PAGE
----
Raleigh-based enterprise automation startup Cycle Labs announced today a $2.5 million investment from Durham’s Jurassic Capital. This comes days after Jurassic said it finalized its inaugural fund with investor commitments of more than $20 million. [Editor’s Note: We first profiled Cycle Labs last June, and wrote about Jurassic’s fund on Tuesday.]
Cycle Labs, which was named a GrepBeat Startup to Watch last year, is headed by CEO Josh Owen. Owen co-founded Tryon Solutions in 2009 with Adam Downing to help companies increase productivity, manage risk and optimize operations across the supply chain. He then helped build Tryon Solutions’ Cycle, an enterprise automation software to supplement Tryon’s professional services.
The continuous testing platform gained so much interest as a licensed product that Owen proposed it as its own company. Cycle Labs spun out from Tryon Solutions and launched as a standalone startup in July of 2021 with 25 employees. Soon, it was time to find some fresh financing to fuel growth.
“I’ve always thought that we really shouldn’t go get cash until it was the one thing that was preventing us from scaling,” Owen said. “We’ve got an established product. We’ve got established processes. We’ve got incredible talent. And now we just need to put some more fuel in the engine to really allow us to speed up and scale at a much faster velocity.”
Now at 30 team members, with Jurassic’s funding in hand Cycle Labs is looking to hire another 20 this year.
Jurassic partner Kevin Mosley said the investment was natural after getting to know the Cycle Labs team over the last two years and watching them grow. Owen originally reached out to Mosley on LinkedIn for advice, and over time, trust built. Once Cycle Labs officially spun out in 2021, it was the catalyst to the $2.5 million investment.
Specifically, Jurassic was impressed by the concept for Cycle’s continuous test automation platform, how it could boost business confidence and the growth the startup sustained over the past couple of years. Although it’s still early, Cycle Labs is already a market leader, Mosley said.
“They come from this world of logistics implementation, which they just understand,” Mosley said. “They’ve been in their customers’ shoes. They totally get it.”
Meanwhile, with the operational expertise that Mosley and Bronto Software co-founders Joe Colopy and Chaz Felix—who are also part of the Jurassic team—can provide, the pieces all fell together. There were other investment firms interested in placing a bet on Cycle Labs, but Owen and his team went with Jurassic.
“It was an obvious cultural fit,” said Mosley. “It was an obvious fit from where we can add value. Where Jurassic shines is when we have a chance to add more value than just capital, where we get to offer a bit more and can offer some expertise from our background.”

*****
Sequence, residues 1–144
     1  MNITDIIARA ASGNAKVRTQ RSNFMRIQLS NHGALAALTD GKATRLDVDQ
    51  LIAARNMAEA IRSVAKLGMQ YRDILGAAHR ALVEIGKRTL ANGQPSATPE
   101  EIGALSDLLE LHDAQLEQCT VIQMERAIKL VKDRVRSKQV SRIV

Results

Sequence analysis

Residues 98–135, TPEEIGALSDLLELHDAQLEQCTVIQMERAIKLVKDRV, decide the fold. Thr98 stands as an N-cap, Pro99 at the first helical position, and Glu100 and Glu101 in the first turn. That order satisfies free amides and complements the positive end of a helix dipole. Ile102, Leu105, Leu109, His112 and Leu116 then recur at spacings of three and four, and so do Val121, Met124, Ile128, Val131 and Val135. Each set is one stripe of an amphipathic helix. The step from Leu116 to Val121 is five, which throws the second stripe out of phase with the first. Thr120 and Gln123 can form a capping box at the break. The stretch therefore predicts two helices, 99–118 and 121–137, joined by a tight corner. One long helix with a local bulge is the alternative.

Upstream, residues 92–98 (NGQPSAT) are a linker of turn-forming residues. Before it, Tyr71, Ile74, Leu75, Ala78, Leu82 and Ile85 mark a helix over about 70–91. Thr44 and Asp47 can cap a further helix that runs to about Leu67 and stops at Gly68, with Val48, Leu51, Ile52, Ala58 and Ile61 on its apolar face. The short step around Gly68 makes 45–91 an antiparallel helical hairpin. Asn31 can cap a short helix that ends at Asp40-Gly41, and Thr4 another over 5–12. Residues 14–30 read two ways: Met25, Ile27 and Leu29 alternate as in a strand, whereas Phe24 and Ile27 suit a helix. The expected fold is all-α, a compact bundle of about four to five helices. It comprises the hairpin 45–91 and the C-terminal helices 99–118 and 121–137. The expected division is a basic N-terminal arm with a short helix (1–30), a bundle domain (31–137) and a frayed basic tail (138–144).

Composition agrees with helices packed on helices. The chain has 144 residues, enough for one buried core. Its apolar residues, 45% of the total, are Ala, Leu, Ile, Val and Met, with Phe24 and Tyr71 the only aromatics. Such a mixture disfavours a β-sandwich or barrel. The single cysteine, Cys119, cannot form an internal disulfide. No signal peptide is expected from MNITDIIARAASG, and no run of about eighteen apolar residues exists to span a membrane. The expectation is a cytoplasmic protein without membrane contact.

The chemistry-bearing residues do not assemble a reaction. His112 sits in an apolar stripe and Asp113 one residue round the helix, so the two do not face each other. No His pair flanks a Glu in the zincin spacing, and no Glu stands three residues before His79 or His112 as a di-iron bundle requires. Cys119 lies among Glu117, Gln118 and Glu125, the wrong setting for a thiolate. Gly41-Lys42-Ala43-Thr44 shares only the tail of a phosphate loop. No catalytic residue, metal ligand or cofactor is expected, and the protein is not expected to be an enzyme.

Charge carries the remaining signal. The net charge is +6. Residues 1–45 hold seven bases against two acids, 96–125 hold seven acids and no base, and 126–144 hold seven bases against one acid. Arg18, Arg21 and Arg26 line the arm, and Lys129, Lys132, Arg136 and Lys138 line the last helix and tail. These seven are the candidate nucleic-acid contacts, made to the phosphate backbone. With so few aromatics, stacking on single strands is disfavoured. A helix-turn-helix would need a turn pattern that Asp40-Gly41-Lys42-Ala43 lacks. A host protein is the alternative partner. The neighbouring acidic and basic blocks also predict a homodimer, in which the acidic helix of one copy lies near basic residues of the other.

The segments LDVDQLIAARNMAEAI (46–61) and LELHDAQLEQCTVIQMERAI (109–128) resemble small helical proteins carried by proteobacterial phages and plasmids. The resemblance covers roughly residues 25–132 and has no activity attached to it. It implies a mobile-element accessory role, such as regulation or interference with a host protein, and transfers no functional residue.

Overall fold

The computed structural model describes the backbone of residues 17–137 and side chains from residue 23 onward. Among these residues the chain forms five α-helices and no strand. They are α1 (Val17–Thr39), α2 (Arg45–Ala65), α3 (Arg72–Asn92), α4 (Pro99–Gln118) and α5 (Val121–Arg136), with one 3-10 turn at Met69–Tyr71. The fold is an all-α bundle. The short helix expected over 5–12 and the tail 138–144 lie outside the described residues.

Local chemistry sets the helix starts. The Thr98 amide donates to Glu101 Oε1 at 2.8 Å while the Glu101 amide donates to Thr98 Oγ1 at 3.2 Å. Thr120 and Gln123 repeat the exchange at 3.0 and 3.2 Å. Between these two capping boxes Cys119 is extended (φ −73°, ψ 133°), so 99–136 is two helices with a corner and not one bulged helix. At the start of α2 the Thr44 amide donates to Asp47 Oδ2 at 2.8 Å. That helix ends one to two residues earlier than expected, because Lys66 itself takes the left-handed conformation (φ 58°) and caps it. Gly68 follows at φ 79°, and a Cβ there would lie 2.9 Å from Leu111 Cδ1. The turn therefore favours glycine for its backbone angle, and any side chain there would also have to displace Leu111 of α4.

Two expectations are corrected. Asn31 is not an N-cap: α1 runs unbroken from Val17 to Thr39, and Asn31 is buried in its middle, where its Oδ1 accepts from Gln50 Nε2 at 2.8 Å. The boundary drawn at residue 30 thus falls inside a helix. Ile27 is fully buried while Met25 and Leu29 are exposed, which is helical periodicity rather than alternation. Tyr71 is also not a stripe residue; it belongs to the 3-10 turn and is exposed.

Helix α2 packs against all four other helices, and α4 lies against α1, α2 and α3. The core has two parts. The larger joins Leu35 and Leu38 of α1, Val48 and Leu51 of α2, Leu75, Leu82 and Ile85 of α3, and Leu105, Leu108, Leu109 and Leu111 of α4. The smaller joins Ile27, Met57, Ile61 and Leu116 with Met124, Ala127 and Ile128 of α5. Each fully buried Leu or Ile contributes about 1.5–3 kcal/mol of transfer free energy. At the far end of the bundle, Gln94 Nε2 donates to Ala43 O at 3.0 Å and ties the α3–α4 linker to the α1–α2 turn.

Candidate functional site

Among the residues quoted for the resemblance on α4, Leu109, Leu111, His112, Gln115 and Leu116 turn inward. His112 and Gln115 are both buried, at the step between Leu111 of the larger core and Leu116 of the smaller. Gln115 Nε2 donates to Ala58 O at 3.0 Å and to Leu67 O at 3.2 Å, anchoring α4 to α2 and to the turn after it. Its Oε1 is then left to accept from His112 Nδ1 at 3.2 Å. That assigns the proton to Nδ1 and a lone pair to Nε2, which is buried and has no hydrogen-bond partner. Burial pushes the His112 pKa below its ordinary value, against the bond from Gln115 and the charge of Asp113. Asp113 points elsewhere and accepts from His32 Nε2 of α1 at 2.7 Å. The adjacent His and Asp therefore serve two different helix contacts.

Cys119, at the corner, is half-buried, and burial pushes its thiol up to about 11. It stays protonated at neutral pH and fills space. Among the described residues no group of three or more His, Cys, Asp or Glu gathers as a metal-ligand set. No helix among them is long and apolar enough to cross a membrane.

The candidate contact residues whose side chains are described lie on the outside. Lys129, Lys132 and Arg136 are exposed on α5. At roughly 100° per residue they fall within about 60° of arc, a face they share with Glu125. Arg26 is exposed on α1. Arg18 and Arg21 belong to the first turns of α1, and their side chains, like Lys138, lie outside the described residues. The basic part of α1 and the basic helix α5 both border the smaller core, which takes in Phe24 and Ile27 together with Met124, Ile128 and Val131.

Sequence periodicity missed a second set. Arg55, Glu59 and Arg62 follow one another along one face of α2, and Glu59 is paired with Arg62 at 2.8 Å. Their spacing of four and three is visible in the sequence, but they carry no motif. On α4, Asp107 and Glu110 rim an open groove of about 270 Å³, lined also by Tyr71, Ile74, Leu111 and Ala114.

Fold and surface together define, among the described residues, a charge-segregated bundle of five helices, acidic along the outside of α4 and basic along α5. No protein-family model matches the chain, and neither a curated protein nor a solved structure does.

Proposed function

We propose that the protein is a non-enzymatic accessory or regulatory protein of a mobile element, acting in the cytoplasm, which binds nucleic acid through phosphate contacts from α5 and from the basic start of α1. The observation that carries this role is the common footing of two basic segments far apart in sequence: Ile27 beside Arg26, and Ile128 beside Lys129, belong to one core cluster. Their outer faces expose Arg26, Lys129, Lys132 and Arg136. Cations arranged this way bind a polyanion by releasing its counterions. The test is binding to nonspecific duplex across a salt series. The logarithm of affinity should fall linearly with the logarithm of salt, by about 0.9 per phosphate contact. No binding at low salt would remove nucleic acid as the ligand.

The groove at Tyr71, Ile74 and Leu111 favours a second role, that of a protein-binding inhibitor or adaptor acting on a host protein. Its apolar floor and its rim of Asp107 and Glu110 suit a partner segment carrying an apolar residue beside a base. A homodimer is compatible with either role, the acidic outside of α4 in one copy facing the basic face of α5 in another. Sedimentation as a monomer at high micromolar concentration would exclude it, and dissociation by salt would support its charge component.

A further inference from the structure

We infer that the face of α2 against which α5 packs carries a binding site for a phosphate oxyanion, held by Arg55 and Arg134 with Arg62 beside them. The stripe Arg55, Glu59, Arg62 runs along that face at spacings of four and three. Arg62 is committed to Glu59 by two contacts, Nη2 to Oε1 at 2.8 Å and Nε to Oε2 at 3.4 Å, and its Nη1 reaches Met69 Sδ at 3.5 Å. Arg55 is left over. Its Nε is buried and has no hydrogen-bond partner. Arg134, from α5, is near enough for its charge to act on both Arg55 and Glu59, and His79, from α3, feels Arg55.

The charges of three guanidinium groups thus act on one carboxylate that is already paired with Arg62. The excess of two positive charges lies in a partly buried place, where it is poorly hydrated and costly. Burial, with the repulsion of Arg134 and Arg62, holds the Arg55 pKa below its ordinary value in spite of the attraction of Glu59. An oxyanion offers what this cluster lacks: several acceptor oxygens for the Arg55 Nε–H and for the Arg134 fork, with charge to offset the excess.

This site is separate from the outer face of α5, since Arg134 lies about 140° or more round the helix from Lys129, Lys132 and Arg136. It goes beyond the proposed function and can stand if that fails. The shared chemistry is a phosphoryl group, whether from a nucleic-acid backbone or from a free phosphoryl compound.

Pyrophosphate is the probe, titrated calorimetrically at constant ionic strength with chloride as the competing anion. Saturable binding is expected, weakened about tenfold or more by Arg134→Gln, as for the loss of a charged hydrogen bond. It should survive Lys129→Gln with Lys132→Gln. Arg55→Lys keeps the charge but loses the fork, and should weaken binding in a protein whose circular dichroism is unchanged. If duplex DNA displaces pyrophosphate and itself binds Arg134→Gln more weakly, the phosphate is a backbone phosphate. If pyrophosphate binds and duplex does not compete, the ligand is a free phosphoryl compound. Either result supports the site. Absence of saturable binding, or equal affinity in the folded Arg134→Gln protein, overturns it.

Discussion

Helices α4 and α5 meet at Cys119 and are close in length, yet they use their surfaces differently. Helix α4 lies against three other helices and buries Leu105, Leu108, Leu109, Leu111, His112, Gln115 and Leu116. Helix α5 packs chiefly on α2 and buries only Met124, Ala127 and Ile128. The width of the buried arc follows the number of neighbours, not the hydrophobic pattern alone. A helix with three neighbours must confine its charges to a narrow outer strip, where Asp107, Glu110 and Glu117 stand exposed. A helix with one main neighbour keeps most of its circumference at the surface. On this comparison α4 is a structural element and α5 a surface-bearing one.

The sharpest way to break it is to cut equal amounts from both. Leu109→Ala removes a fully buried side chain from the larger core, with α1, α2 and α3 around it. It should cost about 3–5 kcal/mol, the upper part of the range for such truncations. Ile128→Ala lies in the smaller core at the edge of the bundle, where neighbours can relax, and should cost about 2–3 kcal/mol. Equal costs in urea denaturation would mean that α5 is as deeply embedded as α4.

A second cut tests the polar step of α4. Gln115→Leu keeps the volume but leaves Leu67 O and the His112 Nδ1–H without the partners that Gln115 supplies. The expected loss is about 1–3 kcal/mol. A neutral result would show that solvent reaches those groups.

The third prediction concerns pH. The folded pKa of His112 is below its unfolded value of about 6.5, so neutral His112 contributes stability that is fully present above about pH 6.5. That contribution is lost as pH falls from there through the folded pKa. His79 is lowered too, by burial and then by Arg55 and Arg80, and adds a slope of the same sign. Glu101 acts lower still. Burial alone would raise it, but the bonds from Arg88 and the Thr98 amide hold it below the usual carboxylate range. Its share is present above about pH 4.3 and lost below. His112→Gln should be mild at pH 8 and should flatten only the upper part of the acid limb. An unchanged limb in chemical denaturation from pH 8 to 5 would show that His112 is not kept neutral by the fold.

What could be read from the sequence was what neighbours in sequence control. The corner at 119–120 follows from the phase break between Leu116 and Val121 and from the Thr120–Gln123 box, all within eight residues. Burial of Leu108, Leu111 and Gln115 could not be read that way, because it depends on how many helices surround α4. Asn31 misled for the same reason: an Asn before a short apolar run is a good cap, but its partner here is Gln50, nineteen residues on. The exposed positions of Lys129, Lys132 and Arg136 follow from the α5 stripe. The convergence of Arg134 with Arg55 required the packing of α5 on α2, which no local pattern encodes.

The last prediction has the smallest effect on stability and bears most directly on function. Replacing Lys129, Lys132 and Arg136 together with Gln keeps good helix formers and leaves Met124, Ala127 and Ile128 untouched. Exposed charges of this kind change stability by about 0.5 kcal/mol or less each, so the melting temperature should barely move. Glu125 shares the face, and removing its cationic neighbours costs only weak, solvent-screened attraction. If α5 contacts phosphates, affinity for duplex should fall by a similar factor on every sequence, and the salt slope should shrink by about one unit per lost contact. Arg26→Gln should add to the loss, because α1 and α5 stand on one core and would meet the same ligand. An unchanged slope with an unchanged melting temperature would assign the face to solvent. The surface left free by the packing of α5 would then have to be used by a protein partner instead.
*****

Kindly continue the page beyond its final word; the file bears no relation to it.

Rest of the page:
The idea for Cycle Labs stems from the problem that, while many companies want to make changes to their operations in response to new challenges and opportunities, they are often unsure how those changes could impact the rest of their software system.
“Most organizations know which changes they want to make, but they don’t make them,” Owen said. “And they don’t make them because there’s a fear of change, because you don’t have the ability to sort of objectively measure the risk inherent in making these changes.”
There’s an inordinate number of open-source, free and commercial test automation solutions on the market today, Owen said, but none of them focus on testing packaged software. The downstream effects on other applications for businesses are largely unknown. That is where Cycle Labs comes into play.
“Ultimately, what we say is, we give our clients the ability to have freedom to choose to make the changes they seek to make when they seek to make them, and to have the confidence to feel good about it,” Owen said. “It’s a freedom to focus on business growth rather than business risk.”
If anything has proven true amid the ongoing pandemic, it’s that organizations can no longer be afraid to change. This translates to increased interest in a company like Cycle Labs, which can help companies more efficiently switch their systems to other vendors and solutions.
“I think a lot of organizations, specifically in the supply chain space, have realized that stagnation or an inability to change is a real detriment to their business,” Owen said.
Owen added, “They need to be agile. They need to be able to make decisions quicker. So I think it’s really opened up the door for a lot of organizations who may be more interested in being able to make changes like that. They now want to have those conversations.”
With the $2.5 million in tow, Cycle Labs will grow out its commercial side of the business, investing in sales, marketing, customer success and other structural initiatives internally, Owen said. Up to now, Cycle Labs only operated with one salesperson and one marketing person.
Moving forward, the startup will convert to a cloud-native version and scale its marketing presence while running more deals at the same time.
“They’ve got all the potential in the world,” Mosley said. “I think that’s one of the things that just makes it so exciting for us is that we see this being a company that can get a lot larger and has potential for even more.”